- As a nation, our journey began on August 15, 1947, not in 2014 as some would have us believe, and we will become a great nation if our progress is not derailed in the name of religion and caste.
I was born six years after India became an independent nation and three years after it became a Republic with a Constitution that incorporates the best in constitutional thinking the world over. Few newborn countries have invested as much time and thought in the drafting of the Constitution as India. The debates in the Constituent Assembly, which are properly documented and recorded, bear proof of that.
My earliest memory is that of my Aasan (teacher) initiating me into learning on the Vidyarambham (beginning of education) day by helping me write “Om Hari Sri Ganapataye Namah (Salutations to Hari (Lord Vishnu), Shree (the Goddess of prosperity), and Lord Ganapathy)” on a large plate of raw rice that was packed and given to him besides the Dakshina (offertory) that I was asked to give in a betel leaf with a fresh areca nut.
Asan lived on the other side of the Achenkovil river, the only large river in Kerala that has not been tamed, and which is a tributary of the sacred Pampa. He had a nursery school in the heart of Pathanamthitta town where Radha Talkies came up later. The school was just a small shed with a thatched roof. The only furniture was a stool on which Aasan sat occasionally.
We children brought our own mats to sit on the sand floor. Aasan used palm leaves to write the Malayalam alphabet. He used an iron writing instrument for this purpose. His handwriting was rounded and very beautiful. I was not a bad student. The school was about a kilometer from my house. Aasan took me there every day. Other children were jealous of my proximity to him.
A student’s competence could be measured by the number of palm leaves he had. A new leaf with new words and sentences was given only after the text on the previous leaves had been learned by heart. I had a sizable collection of leaves. My eternal regret is that I never kept the leaves with me as I was admitted to the Government Primary School, bang opposite the Pathanamthitta Taluk office.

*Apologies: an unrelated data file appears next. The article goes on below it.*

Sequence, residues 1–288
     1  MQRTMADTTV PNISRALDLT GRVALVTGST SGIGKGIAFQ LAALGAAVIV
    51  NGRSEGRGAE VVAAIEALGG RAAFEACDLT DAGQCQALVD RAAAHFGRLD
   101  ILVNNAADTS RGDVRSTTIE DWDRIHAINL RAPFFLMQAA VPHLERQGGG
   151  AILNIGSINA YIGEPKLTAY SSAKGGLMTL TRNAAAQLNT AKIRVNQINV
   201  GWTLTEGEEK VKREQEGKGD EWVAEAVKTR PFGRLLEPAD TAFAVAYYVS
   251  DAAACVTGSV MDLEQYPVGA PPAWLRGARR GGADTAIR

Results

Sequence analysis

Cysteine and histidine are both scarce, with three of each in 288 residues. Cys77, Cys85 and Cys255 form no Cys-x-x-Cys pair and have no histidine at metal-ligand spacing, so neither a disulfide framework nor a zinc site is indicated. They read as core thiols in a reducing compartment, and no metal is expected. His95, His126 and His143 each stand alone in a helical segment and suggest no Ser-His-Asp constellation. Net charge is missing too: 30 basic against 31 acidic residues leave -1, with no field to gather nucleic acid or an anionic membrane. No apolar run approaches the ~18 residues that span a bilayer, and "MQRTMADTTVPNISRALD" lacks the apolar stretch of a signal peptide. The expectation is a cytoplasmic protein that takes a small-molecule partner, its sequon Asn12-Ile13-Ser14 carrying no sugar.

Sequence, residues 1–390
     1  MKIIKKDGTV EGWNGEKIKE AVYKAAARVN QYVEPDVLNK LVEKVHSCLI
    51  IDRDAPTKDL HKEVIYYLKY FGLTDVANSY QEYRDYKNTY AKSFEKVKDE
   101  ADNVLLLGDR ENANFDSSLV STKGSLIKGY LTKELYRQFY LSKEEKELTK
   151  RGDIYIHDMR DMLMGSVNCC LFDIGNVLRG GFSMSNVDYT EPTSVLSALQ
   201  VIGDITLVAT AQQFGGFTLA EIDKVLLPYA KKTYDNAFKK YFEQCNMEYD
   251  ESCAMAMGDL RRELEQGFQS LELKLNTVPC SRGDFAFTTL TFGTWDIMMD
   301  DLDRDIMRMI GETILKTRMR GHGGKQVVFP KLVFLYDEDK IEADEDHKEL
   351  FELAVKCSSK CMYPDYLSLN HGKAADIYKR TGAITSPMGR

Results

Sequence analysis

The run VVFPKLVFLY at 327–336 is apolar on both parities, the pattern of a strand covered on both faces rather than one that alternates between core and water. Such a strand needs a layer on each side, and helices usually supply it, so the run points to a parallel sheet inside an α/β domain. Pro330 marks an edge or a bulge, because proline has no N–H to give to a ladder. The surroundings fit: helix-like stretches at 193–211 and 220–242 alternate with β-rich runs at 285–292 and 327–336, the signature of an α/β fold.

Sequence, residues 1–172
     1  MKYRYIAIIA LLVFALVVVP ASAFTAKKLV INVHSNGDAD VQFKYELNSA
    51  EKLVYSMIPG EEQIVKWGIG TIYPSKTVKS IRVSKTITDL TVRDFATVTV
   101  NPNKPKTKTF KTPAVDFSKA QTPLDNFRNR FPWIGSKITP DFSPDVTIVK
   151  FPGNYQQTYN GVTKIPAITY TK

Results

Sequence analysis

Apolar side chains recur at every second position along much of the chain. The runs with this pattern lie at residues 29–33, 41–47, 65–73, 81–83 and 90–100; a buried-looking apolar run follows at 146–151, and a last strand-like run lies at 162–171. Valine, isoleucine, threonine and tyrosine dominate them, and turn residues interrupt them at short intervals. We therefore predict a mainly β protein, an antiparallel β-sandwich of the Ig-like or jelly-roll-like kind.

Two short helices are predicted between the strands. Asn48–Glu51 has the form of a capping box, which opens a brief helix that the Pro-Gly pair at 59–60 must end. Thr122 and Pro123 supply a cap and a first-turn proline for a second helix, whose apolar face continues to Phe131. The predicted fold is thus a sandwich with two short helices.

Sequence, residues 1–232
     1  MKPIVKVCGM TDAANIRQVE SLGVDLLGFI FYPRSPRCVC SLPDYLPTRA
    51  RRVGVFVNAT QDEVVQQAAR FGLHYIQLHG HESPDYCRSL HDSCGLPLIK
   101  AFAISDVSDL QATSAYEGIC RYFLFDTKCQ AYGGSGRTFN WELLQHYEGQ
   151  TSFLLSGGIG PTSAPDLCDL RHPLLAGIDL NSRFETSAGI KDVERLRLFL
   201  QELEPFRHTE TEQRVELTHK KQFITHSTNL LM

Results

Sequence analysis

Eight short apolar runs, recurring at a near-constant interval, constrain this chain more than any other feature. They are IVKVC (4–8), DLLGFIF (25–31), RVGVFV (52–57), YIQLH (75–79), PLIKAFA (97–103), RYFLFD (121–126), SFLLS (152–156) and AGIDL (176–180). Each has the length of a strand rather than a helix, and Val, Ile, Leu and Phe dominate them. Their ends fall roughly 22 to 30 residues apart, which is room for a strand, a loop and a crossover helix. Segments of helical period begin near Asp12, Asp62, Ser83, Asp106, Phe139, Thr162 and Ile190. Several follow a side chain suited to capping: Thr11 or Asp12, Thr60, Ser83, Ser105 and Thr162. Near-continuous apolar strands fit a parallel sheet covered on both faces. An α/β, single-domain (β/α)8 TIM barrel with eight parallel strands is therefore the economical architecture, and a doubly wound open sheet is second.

I should normally have been admitted to the Marthoma School. The reason my parents chose the government school was that we had a neighbor who taught there. She had two sons, one of whom was of my age. I would accompany the teacher and her sons to the school. My parents were free of the bother of my safety.
Most of my classmates were Muslims and they were very poor. They did not wear any shirts. All they wore was a towel around their waist. However, I felt jealous of them when at meal time, they were given a large glass of milk, made of milk powder that came courtesy of the U.S. government. They were also given Upma, made of imported material.
“Rich” and upper caste children were exempted from the mid-day meal scheme. I had to make do with whatever tiffin that my mother would put in the school bag. I could never taste the milk and Upma. I presume they were good as I had seen teachers having them to their heart’s content in the Teachers Room. I lamented that I was considered “rich”!
Poverty was a reality. In my neighborhood, people subsisted mainly on dry tapioca. They could not always afford a side dish like sardine curry. My immediate neighbor was our landlord, who got Rs. 15 as monthly rent from us. He had a large family to support. He would go fishing in the Achenkovil. He would bring home some tiny fish after he had sold the main catch.
His wife always complained that he was miserly. They were tired of eating tapioca. She would once in a fortnight or so make dosa dough and make dosa in our kitchen. The children would come home surreptitiously and eat the dosa. She did so because her husband would ask her where she managed to get rice and pulses to make the dough.